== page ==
Apple Pencil may add Touch Bar-like display with see-through effect
Glass incorporated into a future Apple Pencil may add Touch Bar-like controls to the device, and also display a view of the drawing that it would normally block from the user.
Apple continues to explore new additions to the Apple Pencil, with two new patents coming on top of recent ones about touch controls, better simulating paper, and even changing shape for comfort. The new ones involve haptic feedback and guidance, and displaying more information on the Apple Pencil itself.
The details of what that information could be are described in "Stylus with a Glass Component," US Patent No. 20200089341. It says that the tip or the current flat side of the Apple Pencil could be made of glass, and that this would facilitate both input and output. A Pencil could have more touch-sensitive areas, and it the glass part could be used as a limited display.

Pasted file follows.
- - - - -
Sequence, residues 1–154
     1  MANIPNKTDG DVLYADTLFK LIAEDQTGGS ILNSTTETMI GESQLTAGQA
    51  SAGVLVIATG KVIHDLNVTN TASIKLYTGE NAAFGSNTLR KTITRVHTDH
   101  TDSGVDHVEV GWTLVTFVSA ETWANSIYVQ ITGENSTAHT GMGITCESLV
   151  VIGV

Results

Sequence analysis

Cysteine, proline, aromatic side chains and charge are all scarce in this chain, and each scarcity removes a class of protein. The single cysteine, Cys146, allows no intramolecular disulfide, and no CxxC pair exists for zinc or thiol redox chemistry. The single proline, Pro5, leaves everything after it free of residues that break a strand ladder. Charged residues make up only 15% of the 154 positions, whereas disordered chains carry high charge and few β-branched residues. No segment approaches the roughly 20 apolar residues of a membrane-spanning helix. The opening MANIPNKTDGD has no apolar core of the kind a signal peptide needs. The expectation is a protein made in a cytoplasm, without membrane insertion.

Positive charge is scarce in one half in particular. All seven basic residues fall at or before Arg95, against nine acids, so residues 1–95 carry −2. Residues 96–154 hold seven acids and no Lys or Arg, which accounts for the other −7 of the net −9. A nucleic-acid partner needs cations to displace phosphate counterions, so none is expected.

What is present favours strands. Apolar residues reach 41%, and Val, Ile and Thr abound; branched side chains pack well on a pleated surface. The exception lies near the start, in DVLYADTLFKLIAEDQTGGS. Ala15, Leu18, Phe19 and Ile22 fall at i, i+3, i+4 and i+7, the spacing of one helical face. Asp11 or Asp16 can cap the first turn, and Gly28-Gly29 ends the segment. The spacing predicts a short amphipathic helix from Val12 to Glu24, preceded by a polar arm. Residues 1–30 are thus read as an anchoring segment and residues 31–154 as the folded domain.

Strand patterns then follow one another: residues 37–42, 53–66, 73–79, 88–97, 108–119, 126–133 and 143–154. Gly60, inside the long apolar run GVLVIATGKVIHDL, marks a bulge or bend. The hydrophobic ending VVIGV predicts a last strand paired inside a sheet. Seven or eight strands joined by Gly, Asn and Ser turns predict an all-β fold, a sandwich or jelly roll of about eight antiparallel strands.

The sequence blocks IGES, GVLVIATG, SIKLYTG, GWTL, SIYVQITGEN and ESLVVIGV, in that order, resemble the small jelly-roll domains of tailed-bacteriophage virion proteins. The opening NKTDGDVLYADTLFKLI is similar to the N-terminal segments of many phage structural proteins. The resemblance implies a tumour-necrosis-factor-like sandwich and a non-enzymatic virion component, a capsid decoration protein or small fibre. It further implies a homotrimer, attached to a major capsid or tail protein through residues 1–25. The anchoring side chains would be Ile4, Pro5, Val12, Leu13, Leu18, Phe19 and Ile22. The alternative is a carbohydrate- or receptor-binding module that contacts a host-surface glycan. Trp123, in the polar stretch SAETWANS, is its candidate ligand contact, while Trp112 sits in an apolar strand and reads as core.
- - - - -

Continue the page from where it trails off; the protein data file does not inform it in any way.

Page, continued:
This patent application describes the use of glass as being an overall improvement to an Apple Pencil, too.
"[Plastics] and coating layers are generally porous and susceptible to infiltration by debris," notes the patent, "especially when the stylus is frequently handled and contacting other surfaces."
"[Consequently, glass instead] provides a durable outer surface along a section of the stylus to resist infiltration of debris and reduce the effects of wear," it continues. "The glass member can be provided in a variety of shapes and arrangements that offer aesthetic options and customization for personal preferences [and] can also facilitate detection of touch input with a capacitive touch sensor within the stylus."
With the touch sensor, the Apple Pencil would gain further controls.
"[It] can be used to detect a tap, double tap, triple tap, or another tap gesture by the user," continues the patent. "Additionally... the touch sensor can be used to detect a sliding gesture by the user [or] a rolling gesture by the user."
So the Apple Pencil may be able to detect when a user slides a finger across the glass, or just rolls the Pencil in his or her hand. The former could be used to, for instance, let the user alter the thickness of a pen stroke, while the latter might be a way of expanding on the sensitivity of selection.